It is clear that insects respond to low temperatures at temporal scales ranging from minutes (in the case of rapid cold-hardening), through diurnal changes in cold tolerance to seasonal acclimatization (Bale, 2002; Sinclair et al., 2003c). However, as Bale and colleagues (Bale et al., 2001; Brown et al., 2004) have pointed out, investigations of these responses have generally focussed on the effects of a single exposure. Nevertheless, this study, and those of Bale et al. (2001) and Brown et al. (2004), demonstrate significant sublethal effects for larvae repeatedly exposed to low temperatures. This raises something of a paradox, as cold-exposure cycles of various frequencies are common in many terrestrial habitats, and are thought to select for freeze tolerance in those habitats where freeze–thaw may be experienced year-round (Sinclair et al., 2003a). Although we observed a cessation of feeding and apparent damage to the gut in caterpillars repeatedly exposed to cold, mortality of treatment caterpillars was less than 3%, and after 30 days recovery caterpillars had resumed feeding. Thus, we make a distinction between selection associated with survival (e.g. the selection of a cold tolerance strategy; Sinclair et al., 2003a), and selection associated with life-history traits like growth and development (in this case, feeding performance).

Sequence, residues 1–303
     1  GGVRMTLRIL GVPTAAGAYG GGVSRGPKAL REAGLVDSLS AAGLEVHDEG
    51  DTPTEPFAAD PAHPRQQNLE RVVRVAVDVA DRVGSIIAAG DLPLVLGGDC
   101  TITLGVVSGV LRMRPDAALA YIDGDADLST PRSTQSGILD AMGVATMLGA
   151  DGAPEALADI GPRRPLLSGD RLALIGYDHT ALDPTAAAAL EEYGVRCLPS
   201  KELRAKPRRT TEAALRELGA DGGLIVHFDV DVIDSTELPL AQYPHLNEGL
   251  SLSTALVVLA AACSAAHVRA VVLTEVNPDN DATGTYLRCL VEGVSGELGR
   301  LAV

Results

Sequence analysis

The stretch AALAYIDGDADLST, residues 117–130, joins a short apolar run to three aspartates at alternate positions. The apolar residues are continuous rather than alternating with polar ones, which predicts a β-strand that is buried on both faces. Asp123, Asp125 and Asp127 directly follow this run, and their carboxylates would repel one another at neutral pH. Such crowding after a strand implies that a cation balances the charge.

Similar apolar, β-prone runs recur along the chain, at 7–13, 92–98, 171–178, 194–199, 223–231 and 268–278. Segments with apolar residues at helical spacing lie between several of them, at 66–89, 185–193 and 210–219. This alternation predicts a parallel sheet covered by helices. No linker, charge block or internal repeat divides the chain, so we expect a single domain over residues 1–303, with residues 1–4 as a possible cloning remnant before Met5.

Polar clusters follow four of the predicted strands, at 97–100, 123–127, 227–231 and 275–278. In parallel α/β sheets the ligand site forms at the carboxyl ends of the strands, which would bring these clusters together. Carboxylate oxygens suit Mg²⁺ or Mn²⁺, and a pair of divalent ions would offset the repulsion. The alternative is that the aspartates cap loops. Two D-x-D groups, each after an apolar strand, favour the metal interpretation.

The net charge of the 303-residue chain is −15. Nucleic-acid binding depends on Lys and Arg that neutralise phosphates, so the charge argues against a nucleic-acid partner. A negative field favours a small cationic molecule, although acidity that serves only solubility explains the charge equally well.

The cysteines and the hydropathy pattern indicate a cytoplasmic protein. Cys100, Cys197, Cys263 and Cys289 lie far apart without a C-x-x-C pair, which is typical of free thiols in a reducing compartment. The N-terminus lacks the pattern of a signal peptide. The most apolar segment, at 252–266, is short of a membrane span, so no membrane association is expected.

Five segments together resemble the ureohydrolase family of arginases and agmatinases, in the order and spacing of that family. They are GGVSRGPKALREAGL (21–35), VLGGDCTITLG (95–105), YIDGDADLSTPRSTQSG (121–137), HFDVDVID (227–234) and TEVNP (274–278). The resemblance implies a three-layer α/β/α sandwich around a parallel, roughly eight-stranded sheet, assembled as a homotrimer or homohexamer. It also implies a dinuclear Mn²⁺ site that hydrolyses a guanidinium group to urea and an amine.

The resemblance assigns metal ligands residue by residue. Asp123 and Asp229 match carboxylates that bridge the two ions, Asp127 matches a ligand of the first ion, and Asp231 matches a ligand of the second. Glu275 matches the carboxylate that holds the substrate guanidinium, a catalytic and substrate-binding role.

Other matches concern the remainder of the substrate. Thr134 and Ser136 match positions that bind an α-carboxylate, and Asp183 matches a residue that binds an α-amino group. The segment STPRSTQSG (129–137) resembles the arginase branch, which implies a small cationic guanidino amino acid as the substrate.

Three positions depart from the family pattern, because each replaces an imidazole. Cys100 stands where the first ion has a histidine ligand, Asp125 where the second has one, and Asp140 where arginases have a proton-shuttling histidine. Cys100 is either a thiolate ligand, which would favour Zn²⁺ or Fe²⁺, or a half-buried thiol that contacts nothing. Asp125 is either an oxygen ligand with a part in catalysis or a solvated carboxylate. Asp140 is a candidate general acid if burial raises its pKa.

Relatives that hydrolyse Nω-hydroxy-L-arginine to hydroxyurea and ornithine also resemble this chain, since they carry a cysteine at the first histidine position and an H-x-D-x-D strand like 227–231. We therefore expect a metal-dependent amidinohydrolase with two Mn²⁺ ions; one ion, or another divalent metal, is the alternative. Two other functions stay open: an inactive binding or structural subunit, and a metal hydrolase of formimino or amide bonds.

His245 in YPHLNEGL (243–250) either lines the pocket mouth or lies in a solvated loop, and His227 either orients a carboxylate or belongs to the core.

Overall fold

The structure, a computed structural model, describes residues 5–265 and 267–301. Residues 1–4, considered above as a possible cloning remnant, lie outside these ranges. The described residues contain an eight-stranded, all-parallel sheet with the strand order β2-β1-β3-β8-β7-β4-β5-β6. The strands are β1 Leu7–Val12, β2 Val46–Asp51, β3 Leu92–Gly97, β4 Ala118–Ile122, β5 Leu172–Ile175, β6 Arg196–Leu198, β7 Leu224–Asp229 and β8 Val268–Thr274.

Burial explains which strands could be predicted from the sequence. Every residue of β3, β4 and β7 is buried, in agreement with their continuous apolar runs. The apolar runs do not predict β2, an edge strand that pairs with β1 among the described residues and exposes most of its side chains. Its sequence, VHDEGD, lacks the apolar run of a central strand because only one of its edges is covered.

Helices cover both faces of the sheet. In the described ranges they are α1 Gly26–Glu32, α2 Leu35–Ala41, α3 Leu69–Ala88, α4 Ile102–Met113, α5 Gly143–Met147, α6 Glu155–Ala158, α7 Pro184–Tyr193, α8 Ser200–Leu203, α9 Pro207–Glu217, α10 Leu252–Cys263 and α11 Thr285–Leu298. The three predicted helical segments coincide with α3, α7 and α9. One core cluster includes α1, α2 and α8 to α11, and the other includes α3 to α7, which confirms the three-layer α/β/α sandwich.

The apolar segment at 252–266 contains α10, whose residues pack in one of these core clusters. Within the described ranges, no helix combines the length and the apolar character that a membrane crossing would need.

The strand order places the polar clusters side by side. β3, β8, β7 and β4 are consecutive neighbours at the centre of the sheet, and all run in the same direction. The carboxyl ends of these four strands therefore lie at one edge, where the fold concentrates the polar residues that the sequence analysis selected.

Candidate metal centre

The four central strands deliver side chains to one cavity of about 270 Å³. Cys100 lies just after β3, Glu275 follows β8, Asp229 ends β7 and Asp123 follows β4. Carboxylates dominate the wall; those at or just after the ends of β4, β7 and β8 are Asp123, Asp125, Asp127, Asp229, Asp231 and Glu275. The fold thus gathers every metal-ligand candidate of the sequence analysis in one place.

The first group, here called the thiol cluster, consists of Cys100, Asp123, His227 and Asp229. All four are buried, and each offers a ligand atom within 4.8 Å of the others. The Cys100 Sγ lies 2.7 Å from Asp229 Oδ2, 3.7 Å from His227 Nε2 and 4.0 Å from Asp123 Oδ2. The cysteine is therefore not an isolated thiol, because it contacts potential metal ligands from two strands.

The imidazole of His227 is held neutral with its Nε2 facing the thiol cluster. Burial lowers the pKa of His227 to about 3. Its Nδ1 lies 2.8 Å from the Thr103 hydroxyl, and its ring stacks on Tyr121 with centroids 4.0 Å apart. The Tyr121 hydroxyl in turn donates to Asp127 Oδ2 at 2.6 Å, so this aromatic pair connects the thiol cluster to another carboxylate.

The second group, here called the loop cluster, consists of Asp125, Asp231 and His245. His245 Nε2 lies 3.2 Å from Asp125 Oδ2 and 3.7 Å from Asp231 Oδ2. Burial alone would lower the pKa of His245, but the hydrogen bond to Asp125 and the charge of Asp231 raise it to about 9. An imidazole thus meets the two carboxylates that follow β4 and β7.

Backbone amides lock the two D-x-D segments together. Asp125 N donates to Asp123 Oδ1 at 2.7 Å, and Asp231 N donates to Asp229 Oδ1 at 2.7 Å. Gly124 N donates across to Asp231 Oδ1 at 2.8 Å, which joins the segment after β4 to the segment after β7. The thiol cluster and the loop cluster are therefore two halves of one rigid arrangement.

The microclimate data shown in Fig. 7 demonstrate that sub-zero temperatures do not occur every day during the winter, even at high altitude on Marion Island, which means that there is ample opportunity for recovery and resumption of feeding by caterpillars in the field. However, a temporary cessation in feeding as a result of cold exposure means that the feeding and growth performance of caterpillars in the field will be substantially decreased. This will result in lengthened life cycles, for example, limitations to growth rate imposed by freezing stress and aestivation to avoid parasitoids results in a 7 year life cycle in G. groenlandica (Morewood and Ring, 1998). Indeed, slow rates of growth and long life cycles are typical for many sub-Antarctic terrestrial arthropods (Crafford, 1990; Convey, 1996, 2000), in spite of apparently normal Q10 and preferred temperatures (Ottesen, 1990; Crafford and Chown, 1993; Todd, 1997), and this particular paradox is resolved if responses to low temperature are viewed not simply as a linear relationship, but as a step function, with a considerable decrease in growth and development beyond threshold microclimatic conditions (in this case, repeated cold exposure). The exact nature of the threshold in terms of frequency and intensity of cold exposure remains to be elucidated for P. marioni, but it is clear that knowledge of these parameters would be necessary to model this species' responses to climate change.